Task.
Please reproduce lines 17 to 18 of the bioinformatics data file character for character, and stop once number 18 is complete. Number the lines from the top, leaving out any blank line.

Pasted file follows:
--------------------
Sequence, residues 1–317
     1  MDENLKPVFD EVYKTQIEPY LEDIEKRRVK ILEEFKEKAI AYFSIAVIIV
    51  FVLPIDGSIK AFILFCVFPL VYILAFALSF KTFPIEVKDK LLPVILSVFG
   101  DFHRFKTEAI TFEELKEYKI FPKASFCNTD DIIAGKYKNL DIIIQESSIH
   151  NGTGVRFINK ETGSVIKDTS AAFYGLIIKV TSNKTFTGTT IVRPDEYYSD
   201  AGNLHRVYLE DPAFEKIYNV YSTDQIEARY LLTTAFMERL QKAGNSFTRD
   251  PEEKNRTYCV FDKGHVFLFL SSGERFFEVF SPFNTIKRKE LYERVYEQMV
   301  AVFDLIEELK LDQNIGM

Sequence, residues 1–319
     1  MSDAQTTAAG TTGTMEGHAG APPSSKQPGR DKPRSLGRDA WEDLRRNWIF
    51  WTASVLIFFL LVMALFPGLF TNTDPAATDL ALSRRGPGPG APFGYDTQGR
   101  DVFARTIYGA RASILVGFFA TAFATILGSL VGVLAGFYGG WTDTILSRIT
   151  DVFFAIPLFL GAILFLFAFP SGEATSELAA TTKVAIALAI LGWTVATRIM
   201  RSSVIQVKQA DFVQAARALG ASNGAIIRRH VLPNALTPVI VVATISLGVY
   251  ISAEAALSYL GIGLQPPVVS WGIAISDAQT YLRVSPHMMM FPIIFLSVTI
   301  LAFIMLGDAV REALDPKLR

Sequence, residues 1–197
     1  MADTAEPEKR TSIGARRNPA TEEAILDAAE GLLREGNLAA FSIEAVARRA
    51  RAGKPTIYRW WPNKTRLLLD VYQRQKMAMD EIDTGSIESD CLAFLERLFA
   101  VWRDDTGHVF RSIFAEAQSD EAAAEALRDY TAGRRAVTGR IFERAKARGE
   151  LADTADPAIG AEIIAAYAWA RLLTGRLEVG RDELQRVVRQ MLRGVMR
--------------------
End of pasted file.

Sequence, residues 1–197
     1  MADTAEPEKR TSIGARRNPA TEEAILDAAE GLLREGNLAA FSIEAVARRA